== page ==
Samsung Galaxy S5 camera: first impressions

Once, we bought phones to make phone calls. Years ago, that’s all a phone did. But in the era of the smartphone, we’re just as likely to judge a handset by its abilities as a camera. So I was keen to find out how the Samsung Galaxy S5‘s snapper performed.

Galaxy S5 shot of Richmond, Surrey

Galaxy S5 shot of Richmond, Surrey

First impressions are good, at least outdoors. I got the chance to test the camera at the seaside at Penarth, Wales and Richmond, Surrey, last week. The sun was shining, and the Galaxy S5 captured the colours beautifully.

Richmond, Surrey, captured with an iPhone

Richmond, Surrey, captured with an iPhone

But, as you can see here, my 2012 iPhone 5 was just as capable at capturing the sunny scene. And it’s arguably easier to use as a camera, with its smaller size and physical button (the volume up button) to release the shutter. (UPDATE: I have since realised that you can also use the S5’s volume button to shoot, although it’s hardly instant.)  Finally, the iPhone camera is quicker to open from the lock screen, which may make all the difference between capturing a moment and cursing at missing it.

I did find the S5 better at switching between video and still shooting modes. After all this time, I still struggle to cope with the iPhone’s slider to choose between the two – and find selecting flash on, off and auto modes even worse. The S5 is much more logical, once you remember that clicking the video camera button starts filming, rather than just switching mode.

Where the S5 really wins is when you view photos and videos on that beautiful large screen. It makes such a difference.

Its weakness? Taking photos indoors and in poor light. It’s a weakness it shares with my iPhone 5. It’s too soon to ditch a real camera, although Samsung’s latest flagship smartphone has the advantage of being the camera you always have with you, unlike a bulky SLR. I was glad I had it with me when the Thames was at high tide in Richmond last week (below).

Richmond high tide, seen on Samsung Galaxy S5

Richmond high tide, seen on Samsung Galaxy S5

PS: read my post: How to take Samsung Galaxy S5 screenshot and other tips

Smartphone wars: why Apple doesn’t fear Android

My first iPhone: goodbye Nokia, goodbye Sony…

If you believe the stories, the battle for dominance in the smartphone market is between Apple’s iPhone and Android phones, based on Google’s mobile operating system.

Android phones still outnumber iPhones, but a fascinating post by BBC technology reporter Rory Cellan-Jones today suggests that’s the wrong way of looking at it. Instead, we should be looking at how much money mobile phone brands are making. The answer is that only Apple and Samsung are making any money. (See also Lance Whitney’s CNET post.)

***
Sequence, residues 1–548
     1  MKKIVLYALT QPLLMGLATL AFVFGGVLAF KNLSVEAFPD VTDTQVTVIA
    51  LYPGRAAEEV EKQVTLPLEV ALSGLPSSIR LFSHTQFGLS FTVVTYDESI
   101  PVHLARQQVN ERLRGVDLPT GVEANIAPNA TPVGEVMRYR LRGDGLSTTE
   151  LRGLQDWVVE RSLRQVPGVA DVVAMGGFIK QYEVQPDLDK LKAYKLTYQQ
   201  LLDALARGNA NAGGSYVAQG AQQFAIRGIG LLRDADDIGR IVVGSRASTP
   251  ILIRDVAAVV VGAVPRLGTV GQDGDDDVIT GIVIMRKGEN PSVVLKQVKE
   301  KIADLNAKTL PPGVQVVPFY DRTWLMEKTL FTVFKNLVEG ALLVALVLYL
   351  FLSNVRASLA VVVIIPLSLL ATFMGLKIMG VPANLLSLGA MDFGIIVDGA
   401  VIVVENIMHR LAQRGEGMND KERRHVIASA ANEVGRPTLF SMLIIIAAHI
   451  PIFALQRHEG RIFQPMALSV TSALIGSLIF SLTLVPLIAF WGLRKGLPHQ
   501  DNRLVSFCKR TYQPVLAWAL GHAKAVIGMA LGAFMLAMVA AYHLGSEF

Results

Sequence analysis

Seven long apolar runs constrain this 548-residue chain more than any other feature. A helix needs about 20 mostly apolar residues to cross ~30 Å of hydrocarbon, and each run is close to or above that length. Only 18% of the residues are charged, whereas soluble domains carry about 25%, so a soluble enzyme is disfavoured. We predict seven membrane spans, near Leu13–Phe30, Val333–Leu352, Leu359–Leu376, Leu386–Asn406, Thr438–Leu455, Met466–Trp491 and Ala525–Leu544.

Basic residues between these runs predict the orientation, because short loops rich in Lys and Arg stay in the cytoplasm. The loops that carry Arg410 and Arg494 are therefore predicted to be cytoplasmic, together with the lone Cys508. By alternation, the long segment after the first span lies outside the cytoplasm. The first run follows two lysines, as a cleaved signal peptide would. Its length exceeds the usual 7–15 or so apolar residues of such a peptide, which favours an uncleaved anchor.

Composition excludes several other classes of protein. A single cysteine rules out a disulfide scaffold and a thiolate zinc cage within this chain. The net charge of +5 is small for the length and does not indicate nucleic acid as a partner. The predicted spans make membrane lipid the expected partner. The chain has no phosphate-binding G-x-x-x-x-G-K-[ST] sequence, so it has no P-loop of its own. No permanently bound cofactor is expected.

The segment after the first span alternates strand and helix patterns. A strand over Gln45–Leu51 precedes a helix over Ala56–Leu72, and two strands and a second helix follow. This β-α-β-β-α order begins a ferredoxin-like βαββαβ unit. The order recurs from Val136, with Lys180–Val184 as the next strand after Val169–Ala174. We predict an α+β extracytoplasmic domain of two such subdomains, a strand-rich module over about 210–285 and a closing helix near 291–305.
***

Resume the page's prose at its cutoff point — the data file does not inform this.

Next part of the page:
Rory links to analyst Horace Dediu‘s infographic that shows smartphone makers’ profit share over recent years. In 2007 – the year Apple launched the original iPhoneNokia enjoyed over 50% of the market’s profits. Nokia no longer turns a profit. Sony [Ericsson], Blackberry maker RIM and LG used to share some 20% of the market by profit. Again, they’ve all seen profitability disappearing. In return, Apple has gone from nothing to 73% of market profits. (Samsung has the remaining share aside from a consolation 1% for HTC.)

Back to Android. Samsung has that part of the market sewn up. Cheap Android phones are unlikely to make money for their makers anytime soon. Apple’s focus on the high end of the market, combined with its brand appeal and consumer-friendly approach, have created a revolution in a market long dominated by Nokia.  Nokia has bet its future on offering Windows Phone handsets, yet killed sales of its Symbian-based phones by declaring its plans way ahead of the switch.

It will be fascinating to see whether anyone can break the Apple and Samsung duopoly.

Not such a smart TV: no BBC iPlayer on Samsung

I bought a new TV today for our kitchen. The old one stopped working after digital switchover this week, so I replaced it with an internet-connected one that enables us to watch BBC iPlayer on TV. John Lewis in High Wycombe said the Samsung UE22ES5400 LED 22 inch TV would do just this.


I was impressed by how easy it was to set up. But I couldn’t find the iPlayer. The web based iPlayer said the BBC didn’t support my device (above).

I didn’t think that mattered. After all, Samsung’s BBC iPlayer app features prominently on the company’s website – but that was also missing:


At this point, I called John Lewis. Its friendly technical help person couldn’t help. He said I could return the TV – or call Samsung. I didn’t think there was much chance Samsung would answer the phone late on a Saturday afternoon. But to its credit, I did get through to someone who explained after some research that the iPlayer app wasn’t yet available for the 5400 TV as it was a new model but would be in early May.

So I won’t be taking the TV back to John Lewis just yet.

PS: why are TV names so obscure and impossible to remember? Samsung could learn a lot from Apple. iPhone is so much more compelling and easier to remember than UE22ES5400.